Let's see, if markets around the world are capitalized at about $50 trillion and they declined, say, 5 percent on average as a result of Congress's vote, then about $2.5 trillion of wealth vanished (okay, maybe a bit lower, according to Jim's account of Asian markets; the rest of the world looks less good). For the United States alone, the loss is about $800 billion. Even by Congress's standards, this is impressive. Further thoughts --
1. Perhaps, the market's response to the failure of the bill came as a surprise to some. Now that it's clear what's at stake, the world should be willing to pay up to $2.5 trillion to get Congress to change its mind. Surely this is enough? Intrade says no; I'd bet against it but I prefer to keep my money under my mattress, thank you. Anyway, the Chicagoan in me says that the market decline already reflects the probability that a subsequent bill will also fail or will come too late.
2. Ilya and Casey say that the bailout was just a transfer of wealth from taxpayers to shareholders. Maybe. But most taxpayers are shareholders, and the return seems pretty good. Even if we confine ourselves to the U.S. stock market, a return of $800 billion on an investment of $700 billion (actually, a lot less, given that money is used to purchase assets that will eventually be sold again even if at a loss) is not bad. If we count the world's $2.5 trillion, the return is quite excellent. (I realize this is not a controlled experiment, but we have to use whatever information is available. As Ilya hints, he can salvage his theory by arguing that the failure of the bill tells shareholders that subsequent bailout bills, spending even more money, are less likely than before.)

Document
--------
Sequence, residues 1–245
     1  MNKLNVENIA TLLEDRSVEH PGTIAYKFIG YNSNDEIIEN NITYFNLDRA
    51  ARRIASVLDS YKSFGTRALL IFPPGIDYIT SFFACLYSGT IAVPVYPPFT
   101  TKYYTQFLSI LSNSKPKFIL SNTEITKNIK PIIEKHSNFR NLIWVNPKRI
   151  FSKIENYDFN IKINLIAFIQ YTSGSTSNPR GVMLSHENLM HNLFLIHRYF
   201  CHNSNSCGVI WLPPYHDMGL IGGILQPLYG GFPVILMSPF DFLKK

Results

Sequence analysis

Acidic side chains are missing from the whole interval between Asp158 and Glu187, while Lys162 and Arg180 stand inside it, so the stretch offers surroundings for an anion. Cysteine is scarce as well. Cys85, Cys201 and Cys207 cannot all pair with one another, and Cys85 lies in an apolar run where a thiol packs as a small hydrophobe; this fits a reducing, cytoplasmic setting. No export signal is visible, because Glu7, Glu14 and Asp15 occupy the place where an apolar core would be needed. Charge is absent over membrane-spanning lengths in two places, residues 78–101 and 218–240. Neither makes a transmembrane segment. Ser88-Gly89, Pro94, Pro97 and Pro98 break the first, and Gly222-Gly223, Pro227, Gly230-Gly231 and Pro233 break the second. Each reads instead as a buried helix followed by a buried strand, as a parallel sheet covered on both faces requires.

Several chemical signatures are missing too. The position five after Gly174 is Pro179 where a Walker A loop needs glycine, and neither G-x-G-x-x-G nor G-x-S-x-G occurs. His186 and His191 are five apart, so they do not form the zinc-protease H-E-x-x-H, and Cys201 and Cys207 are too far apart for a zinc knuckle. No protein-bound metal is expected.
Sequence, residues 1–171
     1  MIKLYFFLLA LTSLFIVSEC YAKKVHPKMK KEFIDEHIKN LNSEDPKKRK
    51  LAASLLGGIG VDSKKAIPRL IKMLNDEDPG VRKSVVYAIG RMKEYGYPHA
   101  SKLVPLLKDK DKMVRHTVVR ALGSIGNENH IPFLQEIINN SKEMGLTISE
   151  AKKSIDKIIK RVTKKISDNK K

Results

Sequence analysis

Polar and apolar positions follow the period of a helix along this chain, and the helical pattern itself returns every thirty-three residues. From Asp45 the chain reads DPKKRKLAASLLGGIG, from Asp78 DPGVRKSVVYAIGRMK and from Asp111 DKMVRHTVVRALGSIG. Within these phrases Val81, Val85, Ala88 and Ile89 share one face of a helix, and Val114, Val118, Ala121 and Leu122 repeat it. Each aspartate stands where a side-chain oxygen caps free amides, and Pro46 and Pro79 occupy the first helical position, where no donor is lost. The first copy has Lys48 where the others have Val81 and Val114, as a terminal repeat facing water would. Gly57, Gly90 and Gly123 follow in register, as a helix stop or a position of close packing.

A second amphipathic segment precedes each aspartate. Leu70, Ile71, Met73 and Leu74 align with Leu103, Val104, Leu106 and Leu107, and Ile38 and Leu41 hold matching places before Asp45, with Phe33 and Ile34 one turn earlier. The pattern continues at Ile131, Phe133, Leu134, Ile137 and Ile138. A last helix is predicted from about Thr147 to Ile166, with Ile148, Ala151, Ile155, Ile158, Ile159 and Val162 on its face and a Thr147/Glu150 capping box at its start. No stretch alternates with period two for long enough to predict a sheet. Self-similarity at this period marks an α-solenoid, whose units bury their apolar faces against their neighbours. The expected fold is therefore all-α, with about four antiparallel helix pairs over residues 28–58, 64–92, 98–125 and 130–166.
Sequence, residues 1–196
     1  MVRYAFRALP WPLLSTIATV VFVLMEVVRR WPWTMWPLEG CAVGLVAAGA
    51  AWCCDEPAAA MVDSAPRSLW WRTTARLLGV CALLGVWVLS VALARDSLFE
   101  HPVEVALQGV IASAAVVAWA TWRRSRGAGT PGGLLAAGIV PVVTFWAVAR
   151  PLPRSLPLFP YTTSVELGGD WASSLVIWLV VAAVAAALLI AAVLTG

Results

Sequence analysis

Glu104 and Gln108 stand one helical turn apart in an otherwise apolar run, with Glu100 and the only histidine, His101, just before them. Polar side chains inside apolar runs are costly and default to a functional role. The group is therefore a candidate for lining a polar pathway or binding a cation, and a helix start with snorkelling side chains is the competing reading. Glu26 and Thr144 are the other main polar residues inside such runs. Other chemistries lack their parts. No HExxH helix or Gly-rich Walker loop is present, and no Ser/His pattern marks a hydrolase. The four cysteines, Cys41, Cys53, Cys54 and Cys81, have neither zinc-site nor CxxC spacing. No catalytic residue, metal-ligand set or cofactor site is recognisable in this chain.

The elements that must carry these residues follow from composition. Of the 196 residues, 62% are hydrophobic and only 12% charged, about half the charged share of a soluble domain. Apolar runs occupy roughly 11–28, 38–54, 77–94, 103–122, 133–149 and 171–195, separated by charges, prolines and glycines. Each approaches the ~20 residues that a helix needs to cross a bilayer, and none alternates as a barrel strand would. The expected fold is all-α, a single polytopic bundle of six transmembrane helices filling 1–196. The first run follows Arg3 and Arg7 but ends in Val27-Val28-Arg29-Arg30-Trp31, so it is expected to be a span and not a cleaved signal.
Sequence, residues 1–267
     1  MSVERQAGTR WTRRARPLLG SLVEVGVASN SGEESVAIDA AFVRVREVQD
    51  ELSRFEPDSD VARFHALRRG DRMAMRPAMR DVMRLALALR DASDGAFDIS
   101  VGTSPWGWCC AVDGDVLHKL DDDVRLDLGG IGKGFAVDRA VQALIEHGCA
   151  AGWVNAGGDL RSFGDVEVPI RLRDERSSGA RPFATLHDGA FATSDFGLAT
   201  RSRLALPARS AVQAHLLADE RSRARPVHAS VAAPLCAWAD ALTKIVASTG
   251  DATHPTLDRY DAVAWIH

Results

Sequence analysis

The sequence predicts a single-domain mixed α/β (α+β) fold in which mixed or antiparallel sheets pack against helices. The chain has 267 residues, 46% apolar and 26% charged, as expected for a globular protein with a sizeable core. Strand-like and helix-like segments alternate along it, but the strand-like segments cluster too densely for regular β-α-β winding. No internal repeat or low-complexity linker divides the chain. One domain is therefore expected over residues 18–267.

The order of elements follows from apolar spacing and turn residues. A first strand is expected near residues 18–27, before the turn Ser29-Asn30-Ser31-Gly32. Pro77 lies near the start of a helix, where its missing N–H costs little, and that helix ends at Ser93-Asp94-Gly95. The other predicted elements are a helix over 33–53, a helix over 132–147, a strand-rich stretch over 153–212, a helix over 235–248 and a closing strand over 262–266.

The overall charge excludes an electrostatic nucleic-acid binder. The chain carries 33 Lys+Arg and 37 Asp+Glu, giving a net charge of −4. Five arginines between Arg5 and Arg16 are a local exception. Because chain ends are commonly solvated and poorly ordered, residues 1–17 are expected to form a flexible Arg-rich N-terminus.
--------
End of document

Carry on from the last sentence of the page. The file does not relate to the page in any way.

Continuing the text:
3. Intrade says that Obama and the Democrats have benefited. That sounds right to me. The bill is identified with the Democrats, who crossed party lines to make a deal with the Republican administration. Nearly every knowledgeable person supported the bill -- in the sense of believing that the bill was better than nothing, even if he or she believed that some variation would be even better than the actual bill. Republicans are seen as obstructionist, perhaps influenced by libertarian arguments they read on VC (just kidding).
No, the real reason for the no votes is that constituents of at-risk members of Congress don't want to bail out Wall Street. Do these constituents have any insight into the risk that the current financial crisis will cause significant harm to the economy? I doubt it. Perhaps, these words should be carved into the entablature of the Capitol:
"We're all worried about losing our jobs," Rep. Paul Ryan, R-Wis., said, endorsing the bill and voting for it after leading a rebellion against an earlier version last week. "Most of us say, 'I want this thing to pass, but I want you to vote for it, not me,'" he said, speaking for colleagues who have tougher re-election fights than his own.
4. Can the administration be faulted for failing to make an adequate case for the urgency of the situation? Just how is it supposed to do that without being accused of exploiting people's irrational fears in order to expand executive power?
5. If Congress is paralyzed, what can the executive do on its own? Where is that constitutional dictator when you need him?
All Related Posts (on one page) | Some Related Posts:
- The Bailout and the Market:
- Does the Stock Market Fall Prove that the Bailout Would have Been Worth it? - Round II:
- Why the Stock Market Drop Doesn't Prove that Congress was Wrong to Reject the Bailout:...
- A Simple Argument Against the Bailout:
- Gary Becker's Doubts About the Wisdom of the Bailout:
- Crony Capitalism: